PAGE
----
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Waukesha County Museum could see its funds getting limited

County Board member worried about audit

The Waukesha County Museum, which is housed inside the old Waukesha County Courthouse, continues to face financial uncertainty. A soon-to-be-released audit will show a significant deficit and now the county board is proposing limiting how the museum receives its funds.

The Waukesha County Museum, which is housed inside the old Waukesha County Courthouse, continues to face financial uncertainty. A soon-to-be-released audit will show a significant deficit and now the county board is proposing limiting how the museum receives its funds. Photo By Chris Kuhagen

Jan. 14, 2014

Before it approved giving the Waukesha County Museum $150,000 in its 2014 budget, many supervisors had their concerns about continuing to help fund it.

Now, on the heels of the museum announcing serious financial woes, the Waukesha County Board will consider an ordinance that limits the disbursement of funds to no more than 8.3 percent of the $150,000 appropriation each month of the fiscal year until the executive committee approves full funding.

The board would only give an approval after it receives reports of support from the Waukesha County Department of Administration.

The ordinance request was made by Supervisor Peter Wolff, who represents the Town of Delafield.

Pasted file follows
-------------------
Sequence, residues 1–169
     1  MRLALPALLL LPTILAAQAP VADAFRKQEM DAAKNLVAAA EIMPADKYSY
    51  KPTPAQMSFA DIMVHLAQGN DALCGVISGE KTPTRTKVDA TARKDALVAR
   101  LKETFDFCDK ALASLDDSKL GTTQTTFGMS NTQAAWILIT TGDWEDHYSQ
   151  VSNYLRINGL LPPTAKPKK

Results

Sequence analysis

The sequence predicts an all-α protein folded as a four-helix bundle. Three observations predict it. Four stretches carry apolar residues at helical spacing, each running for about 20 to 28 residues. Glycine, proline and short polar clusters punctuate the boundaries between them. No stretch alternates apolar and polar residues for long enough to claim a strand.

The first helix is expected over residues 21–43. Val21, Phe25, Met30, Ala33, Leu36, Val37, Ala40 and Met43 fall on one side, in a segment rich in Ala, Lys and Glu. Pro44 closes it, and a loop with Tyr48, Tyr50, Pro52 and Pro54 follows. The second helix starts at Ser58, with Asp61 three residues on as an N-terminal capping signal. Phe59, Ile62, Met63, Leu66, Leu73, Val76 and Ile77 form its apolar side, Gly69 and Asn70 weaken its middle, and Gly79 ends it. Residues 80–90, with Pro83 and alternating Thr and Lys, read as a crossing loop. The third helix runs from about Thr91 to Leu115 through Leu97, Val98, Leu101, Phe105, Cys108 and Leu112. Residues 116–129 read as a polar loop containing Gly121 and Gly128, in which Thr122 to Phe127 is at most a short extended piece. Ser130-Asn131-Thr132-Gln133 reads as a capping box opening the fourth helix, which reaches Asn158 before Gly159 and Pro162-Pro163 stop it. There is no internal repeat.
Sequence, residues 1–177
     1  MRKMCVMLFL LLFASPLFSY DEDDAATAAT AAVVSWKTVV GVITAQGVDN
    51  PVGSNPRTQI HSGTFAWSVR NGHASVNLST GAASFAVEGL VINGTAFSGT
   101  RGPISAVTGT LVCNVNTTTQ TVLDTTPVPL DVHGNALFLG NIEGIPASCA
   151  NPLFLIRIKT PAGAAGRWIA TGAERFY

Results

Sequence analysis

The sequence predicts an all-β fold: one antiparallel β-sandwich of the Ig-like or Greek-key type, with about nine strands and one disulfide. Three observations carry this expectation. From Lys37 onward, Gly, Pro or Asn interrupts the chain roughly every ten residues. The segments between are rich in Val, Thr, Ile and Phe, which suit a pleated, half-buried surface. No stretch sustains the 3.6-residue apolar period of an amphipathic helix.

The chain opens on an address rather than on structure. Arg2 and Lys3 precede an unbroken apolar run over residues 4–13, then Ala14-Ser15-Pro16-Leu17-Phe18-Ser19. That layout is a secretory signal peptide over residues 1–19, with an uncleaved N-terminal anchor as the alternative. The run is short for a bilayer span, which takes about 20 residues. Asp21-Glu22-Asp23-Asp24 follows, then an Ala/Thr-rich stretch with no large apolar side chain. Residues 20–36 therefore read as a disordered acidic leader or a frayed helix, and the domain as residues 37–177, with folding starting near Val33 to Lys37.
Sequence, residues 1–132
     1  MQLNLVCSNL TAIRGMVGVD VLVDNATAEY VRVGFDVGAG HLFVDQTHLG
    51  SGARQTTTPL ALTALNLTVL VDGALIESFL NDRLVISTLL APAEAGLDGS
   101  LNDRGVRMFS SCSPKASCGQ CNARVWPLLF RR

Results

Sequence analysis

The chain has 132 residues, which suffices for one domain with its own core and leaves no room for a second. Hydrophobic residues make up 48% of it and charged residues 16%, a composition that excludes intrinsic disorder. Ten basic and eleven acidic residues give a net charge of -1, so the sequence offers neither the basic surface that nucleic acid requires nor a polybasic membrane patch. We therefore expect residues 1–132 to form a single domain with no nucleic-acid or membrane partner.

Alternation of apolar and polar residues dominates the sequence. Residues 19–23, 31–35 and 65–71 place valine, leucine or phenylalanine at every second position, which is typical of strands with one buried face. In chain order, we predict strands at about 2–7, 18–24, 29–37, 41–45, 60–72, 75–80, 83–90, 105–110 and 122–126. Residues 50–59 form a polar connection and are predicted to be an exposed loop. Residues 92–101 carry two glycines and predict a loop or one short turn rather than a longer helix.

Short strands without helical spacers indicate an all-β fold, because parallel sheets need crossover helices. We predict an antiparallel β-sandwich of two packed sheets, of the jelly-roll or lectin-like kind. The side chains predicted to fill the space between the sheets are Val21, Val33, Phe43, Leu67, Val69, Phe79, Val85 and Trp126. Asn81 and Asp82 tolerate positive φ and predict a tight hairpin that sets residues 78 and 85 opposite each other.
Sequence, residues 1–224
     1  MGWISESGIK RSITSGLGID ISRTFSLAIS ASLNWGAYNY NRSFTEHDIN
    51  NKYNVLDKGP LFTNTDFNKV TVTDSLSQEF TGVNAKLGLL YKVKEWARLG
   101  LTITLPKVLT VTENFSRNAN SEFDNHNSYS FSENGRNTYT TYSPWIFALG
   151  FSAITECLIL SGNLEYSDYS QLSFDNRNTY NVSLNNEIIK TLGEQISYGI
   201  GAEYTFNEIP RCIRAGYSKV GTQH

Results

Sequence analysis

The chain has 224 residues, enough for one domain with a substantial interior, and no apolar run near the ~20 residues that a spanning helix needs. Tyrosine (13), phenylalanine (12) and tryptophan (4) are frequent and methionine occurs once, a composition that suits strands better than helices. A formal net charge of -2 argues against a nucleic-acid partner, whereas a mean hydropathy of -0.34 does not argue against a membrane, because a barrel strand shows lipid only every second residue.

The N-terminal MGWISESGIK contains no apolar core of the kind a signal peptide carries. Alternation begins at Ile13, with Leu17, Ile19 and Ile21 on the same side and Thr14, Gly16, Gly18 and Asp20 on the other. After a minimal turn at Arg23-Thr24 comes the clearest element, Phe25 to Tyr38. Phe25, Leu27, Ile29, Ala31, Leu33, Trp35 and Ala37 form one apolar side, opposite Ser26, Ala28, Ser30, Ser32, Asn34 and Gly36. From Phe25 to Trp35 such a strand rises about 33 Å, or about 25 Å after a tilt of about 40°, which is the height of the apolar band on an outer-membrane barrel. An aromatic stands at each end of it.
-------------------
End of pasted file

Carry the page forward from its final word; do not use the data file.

"The County Board did not have the correct financial data when we approved the museum's funding during the 2014 budget review," Wolff said. "As stewards of the taxpayer money, the County Board needs more information about the museum's financial viability before we can release all the funds."

The ordinance directs the Waukesha County Department of Administration to review the July 1, 2012 to June 30, 2013 museum audit. It will also review corrective actions implemented by the museum and conduct a report analyzing the financial viability of the historical society to continue museum operations.

Tom Constable, Museum Board chairman, said the recently completed audit, is expected to show that the museum did not raise enough money for the Les Paul exhibit that opened last summer.

The exhibit cost $800,000 but Constable said the museum only raised $700,000. Constable said the board was surprised by the deficit.

He said the audit could also show a $250,000 deficit in the museum's bottom line.

Constable added the audit revealed several invoices not being paid and some donor-restricted funds may have been used for other museum purposes.

Constable said the museum will turn around its financial struggles.

Former Waukesha County Executive Dan Finley has taken over as interim chief executive officer, and along with Constable, has cut back its staff to limit spending. But like Villegas, Finley asked the county for more financial support in 2014, only to be given half of what it received in 2013.

"The museum board chair has assured me they are taking steps to address their internal financial controls," Waukesha County Board Chairman Paul Decker said. "But until the audit is released and studied we do not know what financial shape the museum is in to operate into 2014."

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